By Rich Bowden
Picture credit: Sky News
This week’s return of an independent for the NSW state seat of Wagga Wagga has turned heads. Not just because this is the first time in 61 years a Liberal isn’t representing the seat, but also due to the size of the swing (nearly 30 percent) against the Coalition government. Broadly speaking, it is more evidence of the strength of voter disillusionment, bordering on resentment, with the major parties, their inane power plays and their inadequate policies.
The rule of thumb for voter preference used to be around 40/40 of the national primary vote for the major parties, with the other 20 percent made up of various independents, Greens and outlying parties. No longer. Strategists now have major parties heading towards the mid-thirties with the gain going to the “other” independents or micro parties’ column. This has dealt the traditional political power structure a major blow.
The poor result at the by-election for the Queensland federal seat of Longman was another indication of this drift. The swing against the Liberal candidate of nearly 10 percent was one of the reasons Prime Minister Malcolm Turnbull was removed from office according to political experts. However what was less noticed was the big swing towards the far right One Nation party of 6.5 percent, a gain made all the more remarkable because the leader of ONP, Pauline Hanson, neglected to campaign in the seat.
Many reasons have been put forward for this distinct shift away from the traditional parties. And while it is difficult to nail down, it is clear voters have had enough with the major parties with a leak of votes to the left and right of the political spectrum. Just one of the reasons for this shift to third parties is voter dissatisfaction with the quality of the politicians on offer and their lack of policy response to key issues.
While creating the opportunity for often needed third party voices, it also leaves a clear gap for populist independents such as Pauline Hanson and Bob Katter to promote their often blatantly racist and dog whistle agendas. However, the main problem for micro parties has always been to attract adequate publicity.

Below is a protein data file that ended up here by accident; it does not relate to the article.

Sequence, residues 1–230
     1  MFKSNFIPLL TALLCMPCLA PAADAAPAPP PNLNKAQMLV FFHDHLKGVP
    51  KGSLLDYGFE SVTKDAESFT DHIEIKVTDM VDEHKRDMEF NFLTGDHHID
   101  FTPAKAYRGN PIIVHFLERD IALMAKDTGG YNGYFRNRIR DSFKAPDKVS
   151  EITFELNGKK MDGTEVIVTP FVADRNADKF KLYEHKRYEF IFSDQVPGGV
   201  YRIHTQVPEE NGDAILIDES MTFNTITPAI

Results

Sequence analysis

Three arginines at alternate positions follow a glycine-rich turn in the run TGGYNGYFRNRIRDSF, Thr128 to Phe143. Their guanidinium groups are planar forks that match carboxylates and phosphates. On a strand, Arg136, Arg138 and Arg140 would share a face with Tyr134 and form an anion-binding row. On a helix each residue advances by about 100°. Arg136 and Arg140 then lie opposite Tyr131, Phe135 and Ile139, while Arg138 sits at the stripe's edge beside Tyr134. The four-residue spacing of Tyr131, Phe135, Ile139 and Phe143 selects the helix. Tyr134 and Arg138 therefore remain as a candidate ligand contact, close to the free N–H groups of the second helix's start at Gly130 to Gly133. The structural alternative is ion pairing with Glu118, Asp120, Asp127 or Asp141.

An example occurred earlier this year. Bob Katter, head of the self-styled Katter’s Australian Party (KAP), recently defended “one thousand percent” an inflammatory maiden speech by KAP’s Fraser Anning in the Senate, a shocking speech which advocated a return to the racist White Australia policy.
Picture credit: Triple M
When challenged by reporters at a press conference about his own ancestry (Katter’s grandfather was Lebanese) and whether his grandfather would have been allowed into the country under such a policy, he appeared to round on the reporter, calling the question “offensive”. Most bizarrely, Katter supported the use of Anning’s inflammatory, Nazi-era term “final solution” with reference to Australia’s immigration “problem” with Muslims.
Even the ultra right wing Pauline Hanson, normally the benchmark for off the wall racist claims, rejected the speech, calling it “from Goebbels handbook”. However, the truth may be that Hanson was jealous of the explosive publicity the speech got throughout the Australian media. Indeed Anning was originally a member of her party.
And here may lie one of the real reasons for the shift towards extremism. Populist parties find the only way they can get precious publicity is by delivering increasingly controversial speeches expounding radical points of view. This is then picked up by the mainstream press and social media, desperate for a “good story”. This then receives currency in the population, many of whom may have been unaware of the micro parties and their policy positions. This publicity results in a higher profile, with this usually resulting in more votes.
A vicious cycle indeed. However it begs the question: Are the micro parties espousing policies more radical than their own beliefs in order to attract publicity? Certainly the sight of the avuncular Bob Katter defending Nazi-era terms was a shock.